Pliops makes a storage accelerator card, called the Pliops Storage Processor, aimed at cloud service providers and the very top end of enterprises that are operating at substantial scale.
Pliops claims over 20 Fortune 500 cloud and enterprise companies as customers, reflecting their focus on a problem that is most keenly felt by this end of the market.
In this market people are concerned with both performance and efficiency because at this scale a few extra percent of efficiency translates directly into performance. At smaller scale, you can quite happily deal with being less efficient to chase better performance because the extra overheads don’t matter quite so much, relatively speaking.
If you only have a few servers, wasting a bit of extra money/space/power or whatever doesn’t hurt you so much provided the value gain of the increased performance is substantial enough. It’s just a lot easier to, for example, spend an extra $200k on some new high-end servers rather than spending a year of developer time tuning code loops. The overhead as a percentage of value is relatively small.
But if you have a few thousand servers, suddenly the payoff looks a lot different. It’s worth spending some time tuning your code to avoid—or at least delay—replacing $20 million in servers. The overhead/payoff calculation starts to look a bit different, and suggests a different approach is required.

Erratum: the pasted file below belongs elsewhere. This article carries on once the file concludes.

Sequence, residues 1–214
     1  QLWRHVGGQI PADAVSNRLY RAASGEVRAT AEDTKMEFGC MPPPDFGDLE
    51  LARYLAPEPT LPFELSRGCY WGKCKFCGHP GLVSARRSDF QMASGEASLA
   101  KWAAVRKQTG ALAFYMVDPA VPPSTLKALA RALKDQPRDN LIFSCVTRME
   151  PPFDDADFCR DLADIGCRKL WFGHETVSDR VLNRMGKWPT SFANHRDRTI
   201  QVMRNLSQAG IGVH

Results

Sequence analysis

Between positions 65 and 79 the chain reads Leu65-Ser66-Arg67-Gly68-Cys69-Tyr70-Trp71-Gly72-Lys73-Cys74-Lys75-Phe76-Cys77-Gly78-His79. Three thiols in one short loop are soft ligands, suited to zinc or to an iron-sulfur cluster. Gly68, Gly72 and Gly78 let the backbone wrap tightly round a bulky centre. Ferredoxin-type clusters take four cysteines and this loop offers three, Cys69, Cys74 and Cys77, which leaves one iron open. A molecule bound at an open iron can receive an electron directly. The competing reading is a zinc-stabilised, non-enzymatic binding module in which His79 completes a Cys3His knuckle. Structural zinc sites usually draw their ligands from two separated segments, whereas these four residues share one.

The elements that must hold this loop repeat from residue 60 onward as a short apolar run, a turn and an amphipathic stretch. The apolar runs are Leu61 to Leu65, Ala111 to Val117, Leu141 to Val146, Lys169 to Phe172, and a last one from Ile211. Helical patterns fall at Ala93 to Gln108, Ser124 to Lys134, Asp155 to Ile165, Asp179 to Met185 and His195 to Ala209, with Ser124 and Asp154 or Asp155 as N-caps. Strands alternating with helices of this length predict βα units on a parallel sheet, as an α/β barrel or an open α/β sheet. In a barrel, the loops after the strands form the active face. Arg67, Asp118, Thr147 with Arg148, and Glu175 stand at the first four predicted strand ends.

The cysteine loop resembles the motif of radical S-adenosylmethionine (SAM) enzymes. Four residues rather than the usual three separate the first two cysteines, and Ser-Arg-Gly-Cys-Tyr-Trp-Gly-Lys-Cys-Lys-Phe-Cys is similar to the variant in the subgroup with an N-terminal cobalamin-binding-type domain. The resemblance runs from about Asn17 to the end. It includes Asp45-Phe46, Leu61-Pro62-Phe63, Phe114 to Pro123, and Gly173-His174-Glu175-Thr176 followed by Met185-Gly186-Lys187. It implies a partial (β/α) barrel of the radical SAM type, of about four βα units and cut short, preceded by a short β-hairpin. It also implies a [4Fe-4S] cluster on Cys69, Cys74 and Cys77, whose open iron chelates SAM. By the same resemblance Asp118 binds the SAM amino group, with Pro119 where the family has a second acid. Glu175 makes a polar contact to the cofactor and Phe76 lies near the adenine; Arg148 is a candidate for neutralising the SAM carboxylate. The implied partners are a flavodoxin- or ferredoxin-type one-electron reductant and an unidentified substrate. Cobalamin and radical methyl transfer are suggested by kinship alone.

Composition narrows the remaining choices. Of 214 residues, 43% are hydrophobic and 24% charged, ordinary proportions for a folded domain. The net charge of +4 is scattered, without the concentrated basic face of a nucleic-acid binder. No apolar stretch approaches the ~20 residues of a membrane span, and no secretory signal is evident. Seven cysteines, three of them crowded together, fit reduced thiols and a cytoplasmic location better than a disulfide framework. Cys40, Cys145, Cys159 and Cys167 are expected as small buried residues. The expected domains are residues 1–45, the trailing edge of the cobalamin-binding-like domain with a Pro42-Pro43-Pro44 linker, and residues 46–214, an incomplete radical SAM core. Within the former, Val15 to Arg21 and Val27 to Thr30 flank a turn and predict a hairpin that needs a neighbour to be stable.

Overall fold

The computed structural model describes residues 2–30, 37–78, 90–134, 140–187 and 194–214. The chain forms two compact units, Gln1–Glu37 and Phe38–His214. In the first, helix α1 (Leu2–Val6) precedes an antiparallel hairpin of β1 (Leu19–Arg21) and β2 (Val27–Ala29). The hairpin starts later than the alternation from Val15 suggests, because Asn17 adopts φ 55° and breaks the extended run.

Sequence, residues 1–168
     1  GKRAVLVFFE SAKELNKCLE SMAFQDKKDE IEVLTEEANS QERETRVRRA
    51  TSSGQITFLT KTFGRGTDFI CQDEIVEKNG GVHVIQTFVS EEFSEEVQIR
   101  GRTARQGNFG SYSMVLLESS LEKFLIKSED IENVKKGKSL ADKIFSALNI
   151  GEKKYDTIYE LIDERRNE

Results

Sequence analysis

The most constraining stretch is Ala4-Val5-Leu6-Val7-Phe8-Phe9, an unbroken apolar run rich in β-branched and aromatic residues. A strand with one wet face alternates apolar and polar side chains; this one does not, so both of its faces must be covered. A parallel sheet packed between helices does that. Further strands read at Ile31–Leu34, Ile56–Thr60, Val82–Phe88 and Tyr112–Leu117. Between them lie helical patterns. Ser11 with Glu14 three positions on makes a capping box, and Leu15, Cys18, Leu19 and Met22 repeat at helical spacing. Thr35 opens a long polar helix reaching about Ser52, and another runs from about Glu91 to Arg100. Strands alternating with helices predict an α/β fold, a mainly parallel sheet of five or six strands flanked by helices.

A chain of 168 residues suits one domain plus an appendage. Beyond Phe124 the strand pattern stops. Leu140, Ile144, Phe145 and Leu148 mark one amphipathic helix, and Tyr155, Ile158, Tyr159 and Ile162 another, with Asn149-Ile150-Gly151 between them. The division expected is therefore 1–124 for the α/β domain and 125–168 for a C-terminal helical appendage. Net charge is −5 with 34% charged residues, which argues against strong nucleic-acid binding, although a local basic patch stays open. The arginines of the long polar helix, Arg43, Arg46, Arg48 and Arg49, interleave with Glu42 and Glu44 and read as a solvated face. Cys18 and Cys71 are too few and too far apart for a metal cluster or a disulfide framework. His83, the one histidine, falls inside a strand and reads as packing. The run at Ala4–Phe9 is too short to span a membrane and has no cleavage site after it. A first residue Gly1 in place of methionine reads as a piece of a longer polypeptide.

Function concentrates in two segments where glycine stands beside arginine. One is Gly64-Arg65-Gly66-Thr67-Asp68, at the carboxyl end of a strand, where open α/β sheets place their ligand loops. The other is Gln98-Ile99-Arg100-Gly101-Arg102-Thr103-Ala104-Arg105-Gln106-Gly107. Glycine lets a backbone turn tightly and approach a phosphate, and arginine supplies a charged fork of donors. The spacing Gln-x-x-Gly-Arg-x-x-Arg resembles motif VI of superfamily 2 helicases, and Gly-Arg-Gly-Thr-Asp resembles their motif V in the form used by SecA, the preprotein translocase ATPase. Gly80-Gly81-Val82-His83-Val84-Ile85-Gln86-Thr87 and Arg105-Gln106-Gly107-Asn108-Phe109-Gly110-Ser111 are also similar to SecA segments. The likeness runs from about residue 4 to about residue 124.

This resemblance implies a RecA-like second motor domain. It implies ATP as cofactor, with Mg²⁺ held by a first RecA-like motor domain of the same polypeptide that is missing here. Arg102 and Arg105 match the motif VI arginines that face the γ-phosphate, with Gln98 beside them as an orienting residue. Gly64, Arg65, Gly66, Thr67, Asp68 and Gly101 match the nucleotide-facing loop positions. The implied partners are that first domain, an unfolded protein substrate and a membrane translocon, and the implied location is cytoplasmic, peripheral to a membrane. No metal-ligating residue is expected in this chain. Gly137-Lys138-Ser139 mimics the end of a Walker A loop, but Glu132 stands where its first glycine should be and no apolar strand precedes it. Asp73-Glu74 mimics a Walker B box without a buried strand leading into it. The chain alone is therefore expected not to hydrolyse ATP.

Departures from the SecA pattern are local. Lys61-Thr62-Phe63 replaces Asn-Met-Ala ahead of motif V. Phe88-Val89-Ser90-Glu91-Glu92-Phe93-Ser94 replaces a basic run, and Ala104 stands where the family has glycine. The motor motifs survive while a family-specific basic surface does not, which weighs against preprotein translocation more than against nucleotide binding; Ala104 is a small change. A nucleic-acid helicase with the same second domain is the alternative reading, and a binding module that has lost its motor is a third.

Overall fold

However, after this point—and this is where a lot of the top-end enterprises find themselves—companies have both invested in tuning code and in buying better hardware. There’s not a lot of room left to squeeze performance and efficiency out of what they’re already doing, so they start looking for new ideas. Not just “what we’re doing now, only more so.” Ideas for things they’re not currently doing. They want something new, something different.
Sometimes that becomes new software techniques. And sometimes it becomes new hardware techniques, like Pliops. For this market, making the existing investments in both high-end hardware and software pay off at scale is the name of the game. Adding a storage accelerator card into your existing setup is one way to achieve these sorts of gains, and that’s what Pliops is claiming they deliver for their customers. 50% cost savings, 11x more throughput and 7x less latency on MariaDB TPC-C performance, etc.
Now these kinds of approaches often filter down to the rest of the market as costs decrease in a classic experience curve fashion. We’ve seen that before with things like GPUs, flash memory, faster RAM, more efficient power supplies, and a range of software techniques like MapReduce, eventual consistency, graph databases, and so on.
But not always. We’ve seen accelerator cards before—I’m reminded of the SimpliVity approach to hyper-converged infrastructure—and sometimes they get some adoption in a particular niche but don’t really expand outside of that niche. For others, the market simply moves on so that what was once useful—say, PernixData’s memory virtualisation software—is no longer really necessary.
It’s not clear to me yet where Pliops sits. There is a general industry shift towards more specialised compute functions connecting with data directly, rather than all compute being mediated via the CPU, so Pliops could break out of its niche if it can chart a pathway into this wider world. A focus on genuine value for problems faced today is also a great way to build a footprint from which to expand.
But there’s nothing wrong with dominating a juicy niche, either, and there’s certainly plenty of money sloshing around in the hyperscale cloud and high-end of the enterprise market.
I look forward to seeing which path Pliops chooses.